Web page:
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Abstract #4667

Relationships between myelin development and neurodevelopmental outcomes in very preterm and typically developing children

Deanne K Thompson1,2,3,4, Joseph YM Yang2,3,5,6, Jian Chen2, Claire E Kelly1,2, Chris L Adamson2, Bonnie Alexander1,2, Lillian G Matthews7, Katherine J Lee1,3,8, Rod W Hunt1,3,9, Jeanie LY Cheong1,10,11, Megan Spencer-Smith1,12, Marc L Seal2,3, Terrie E Inder1,7, Lex W Doyle1,3,10,11, and Peter J Anderson1,12
1Victorian Infant Brain Studies, Murdoch Children's Research Institute, Parkville, Australia, 2Developmental Imaging, Murdoch Children's Research Institute, Parkville, Australia, 3Department of Paediatrics, University of Melbourne, Parkville, Australia, 4Florey Institute of Neuroscience and Mental Health, Parkville, Australia, 5Neuroscience Research, Murdoch Children’s Research Institute, Parkville, Australia, 6Department of Neurosurgery, the Royal Children’s Hospital, Parkville, Australia, 7Department of Pediatric Newborn Medicine, Brigham and Women’s Hospital, Harvard Medical School, Boston, MA, United States, 8Clinical Epidemiology & Biostatistics Unit, Murdoch Children’s Research Institute, Parkville, Australia, 9Neonatal Medicine, Royal Children’s Hospital, Parkville, Australia, 10Royal Women's Hospital, Parkville, Australia, 11Department of Obstetrics and Gynaecology, University of Melbourne, Parkville, Australia, 12Turner Institute for Brain and Mental Health, School of Psychological Sciences, Monash University, Clayton, Australia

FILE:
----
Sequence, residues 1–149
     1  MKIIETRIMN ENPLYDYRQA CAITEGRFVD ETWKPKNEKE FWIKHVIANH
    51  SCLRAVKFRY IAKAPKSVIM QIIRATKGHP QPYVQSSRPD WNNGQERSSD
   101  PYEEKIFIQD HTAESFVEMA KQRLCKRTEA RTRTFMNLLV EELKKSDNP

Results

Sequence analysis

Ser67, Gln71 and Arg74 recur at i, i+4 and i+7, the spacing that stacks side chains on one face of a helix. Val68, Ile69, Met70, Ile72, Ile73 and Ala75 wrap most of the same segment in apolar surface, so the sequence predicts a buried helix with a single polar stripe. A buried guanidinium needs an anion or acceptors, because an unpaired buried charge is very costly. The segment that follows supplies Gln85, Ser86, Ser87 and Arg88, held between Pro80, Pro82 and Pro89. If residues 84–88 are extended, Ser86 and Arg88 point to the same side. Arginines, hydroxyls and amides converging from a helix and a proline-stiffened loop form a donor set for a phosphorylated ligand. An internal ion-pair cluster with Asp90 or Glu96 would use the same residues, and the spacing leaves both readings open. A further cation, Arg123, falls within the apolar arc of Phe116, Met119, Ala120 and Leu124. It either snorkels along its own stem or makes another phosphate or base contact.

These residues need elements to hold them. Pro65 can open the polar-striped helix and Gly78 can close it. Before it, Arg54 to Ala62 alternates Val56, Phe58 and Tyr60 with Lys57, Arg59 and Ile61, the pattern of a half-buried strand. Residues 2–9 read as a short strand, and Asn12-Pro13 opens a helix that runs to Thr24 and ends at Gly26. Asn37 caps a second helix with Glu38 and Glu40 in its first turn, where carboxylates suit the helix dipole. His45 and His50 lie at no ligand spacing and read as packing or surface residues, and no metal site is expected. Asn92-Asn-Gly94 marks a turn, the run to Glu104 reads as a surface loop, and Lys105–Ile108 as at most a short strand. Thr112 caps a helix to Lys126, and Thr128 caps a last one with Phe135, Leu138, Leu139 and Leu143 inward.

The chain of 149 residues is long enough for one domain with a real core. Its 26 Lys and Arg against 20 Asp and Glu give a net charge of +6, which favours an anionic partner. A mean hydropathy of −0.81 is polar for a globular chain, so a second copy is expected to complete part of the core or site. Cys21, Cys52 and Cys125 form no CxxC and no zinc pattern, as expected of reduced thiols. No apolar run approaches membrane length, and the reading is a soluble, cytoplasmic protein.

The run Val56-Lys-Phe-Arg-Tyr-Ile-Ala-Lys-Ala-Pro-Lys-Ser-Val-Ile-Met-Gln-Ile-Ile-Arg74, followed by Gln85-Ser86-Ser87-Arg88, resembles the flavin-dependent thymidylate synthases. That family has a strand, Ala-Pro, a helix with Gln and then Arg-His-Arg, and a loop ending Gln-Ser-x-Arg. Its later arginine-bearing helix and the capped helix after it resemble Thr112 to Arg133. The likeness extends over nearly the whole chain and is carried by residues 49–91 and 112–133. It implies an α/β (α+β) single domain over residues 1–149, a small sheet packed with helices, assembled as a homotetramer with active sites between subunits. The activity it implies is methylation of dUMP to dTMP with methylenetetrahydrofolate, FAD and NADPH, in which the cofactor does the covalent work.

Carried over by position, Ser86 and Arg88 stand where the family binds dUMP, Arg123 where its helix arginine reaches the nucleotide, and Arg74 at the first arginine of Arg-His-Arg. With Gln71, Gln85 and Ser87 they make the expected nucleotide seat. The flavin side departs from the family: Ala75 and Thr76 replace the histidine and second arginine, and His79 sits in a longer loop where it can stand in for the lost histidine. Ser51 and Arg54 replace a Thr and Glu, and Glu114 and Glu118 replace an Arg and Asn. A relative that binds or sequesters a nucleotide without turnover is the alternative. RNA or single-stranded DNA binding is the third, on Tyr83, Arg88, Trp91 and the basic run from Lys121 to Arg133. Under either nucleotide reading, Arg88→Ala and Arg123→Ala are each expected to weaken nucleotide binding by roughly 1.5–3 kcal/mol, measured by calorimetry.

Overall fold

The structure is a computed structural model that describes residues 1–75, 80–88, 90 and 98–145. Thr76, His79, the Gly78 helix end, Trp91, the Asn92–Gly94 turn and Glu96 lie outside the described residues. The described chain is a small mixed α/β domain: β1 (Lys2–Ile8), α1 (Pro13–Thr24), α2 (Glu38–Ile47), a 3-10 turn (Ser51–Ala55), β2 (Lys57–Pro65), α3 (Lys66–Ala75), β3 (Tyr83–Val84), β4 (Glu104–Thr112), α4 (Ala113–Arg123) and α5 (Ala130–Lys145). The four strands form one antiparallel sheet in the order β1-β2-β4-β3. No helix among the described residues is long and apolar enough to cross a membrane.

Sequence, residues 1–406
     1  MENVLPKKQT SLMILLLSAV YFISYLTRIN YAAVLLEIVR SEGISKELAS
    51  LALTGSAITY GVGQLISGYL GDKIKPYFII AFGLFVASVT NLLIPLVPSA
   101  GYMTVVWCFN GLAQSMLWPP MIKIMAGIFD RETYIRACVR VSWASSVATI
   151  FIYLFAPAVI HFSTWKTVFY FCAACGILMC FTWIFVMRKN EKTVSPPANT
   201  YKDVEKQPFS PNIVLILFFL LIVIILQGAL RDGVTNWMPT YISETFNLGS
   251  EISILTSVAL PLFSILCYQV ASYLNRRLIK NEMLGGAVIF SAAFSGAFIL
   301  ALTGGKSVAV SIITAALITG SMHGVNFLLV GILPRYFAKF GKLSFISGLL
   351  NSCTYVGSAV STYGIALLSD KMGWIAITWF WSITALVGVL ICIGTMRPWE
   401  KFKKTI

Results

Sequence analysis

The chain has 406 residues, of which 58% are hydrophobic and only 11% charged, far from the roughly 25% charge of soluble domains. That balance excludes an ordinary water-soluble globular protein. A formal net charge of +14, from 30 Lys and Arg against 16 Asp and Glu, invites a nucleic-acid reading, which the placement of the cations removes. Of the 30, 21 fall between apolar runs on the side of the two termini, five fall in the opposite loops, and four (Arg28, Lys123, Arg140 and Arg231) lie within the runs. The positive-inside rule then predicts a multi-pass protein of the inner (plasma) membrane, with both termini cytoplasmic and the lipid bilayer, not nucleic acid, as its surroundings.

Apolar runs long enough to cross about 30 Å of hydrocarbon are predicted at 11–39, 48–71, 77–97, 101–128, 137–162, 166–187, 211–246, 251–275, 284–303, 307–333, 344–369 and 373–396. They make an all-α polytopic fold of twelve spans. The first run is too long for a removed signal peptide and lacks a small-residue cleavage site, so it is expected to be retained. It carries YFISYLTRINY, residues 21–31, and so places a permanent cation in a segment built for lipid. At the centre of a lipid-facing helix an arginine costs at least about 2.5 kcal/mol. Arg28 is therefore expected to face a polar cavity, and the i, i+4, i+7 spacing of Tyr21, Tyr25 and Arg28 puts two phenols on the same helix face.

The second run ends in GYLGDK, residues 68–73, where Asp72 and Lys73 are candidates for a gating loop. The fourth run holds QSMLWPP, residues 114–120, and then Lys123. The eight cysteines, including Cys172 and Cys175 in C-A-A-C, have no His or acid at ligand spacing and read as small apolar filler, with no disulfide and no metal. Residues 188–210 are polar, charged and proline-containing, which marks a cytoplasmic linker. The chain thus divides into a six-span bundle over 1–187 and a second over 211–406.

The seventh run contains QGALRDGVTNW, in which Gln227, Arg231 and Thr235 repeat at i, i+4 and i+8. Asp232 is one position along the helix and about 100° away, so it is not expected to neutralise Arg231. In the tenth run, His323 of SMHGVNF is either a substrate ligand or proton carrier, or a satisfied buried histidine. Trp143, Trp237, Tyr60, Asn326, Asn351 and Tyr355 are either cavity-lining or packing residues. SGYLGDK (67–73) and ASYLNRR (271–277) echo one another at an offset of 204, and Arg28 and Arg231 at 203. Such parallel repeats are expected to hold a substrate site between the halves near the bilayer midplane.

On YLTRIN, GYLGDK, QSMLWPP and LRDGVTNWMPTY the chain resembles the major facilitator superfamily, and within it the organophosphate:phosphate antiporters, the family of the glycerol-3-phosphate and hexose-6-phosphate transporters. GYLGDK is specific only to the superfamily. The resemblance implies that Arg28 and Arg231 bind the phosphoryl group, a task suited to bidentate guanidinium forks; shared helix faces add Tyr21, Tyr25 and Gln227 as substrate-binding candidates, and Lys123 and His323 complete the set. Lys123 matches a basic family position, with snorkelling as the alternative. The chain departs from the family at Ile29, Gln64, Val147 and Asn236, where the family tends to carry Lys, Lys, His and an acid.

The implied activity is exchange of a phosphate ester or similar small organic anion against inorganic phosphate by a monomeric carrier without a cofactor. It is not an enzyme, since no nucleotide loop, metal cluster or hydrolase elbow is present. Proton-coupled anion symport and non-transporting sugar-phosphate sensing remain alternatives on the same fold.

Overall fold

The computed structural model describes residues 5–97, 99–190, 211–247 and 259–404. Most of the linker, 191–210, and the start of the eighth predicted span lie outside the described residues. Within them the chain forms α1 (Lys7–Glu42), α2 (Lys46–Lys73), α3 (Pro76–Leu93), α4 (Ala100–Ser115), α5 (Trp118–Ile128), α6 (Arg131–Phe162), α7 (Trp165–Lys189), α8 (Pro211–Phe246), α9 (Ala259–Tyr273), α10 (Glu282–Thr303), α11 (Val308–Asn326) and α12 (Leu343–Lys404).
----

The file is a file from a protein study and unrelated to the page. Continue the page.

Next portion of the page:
Children born very preterm have altered myelination compared with full-term controls, but whether the T1-T2 ratio is a sensitive measure for understanding neurodevelopmental functioning remains unknown. This study found that the T1-T2 ratio trajectory between 7 and 13 years of age in the uncinate fasciculus was related to IQ scores, and 13-year T1-T2 ratios in almost all white matter regions were associated with motor functioning in both birth groups. Myelin development assessed using the T1-T2 ratio appears to be sensitive to predicting some neurodevelopmental outcomes.

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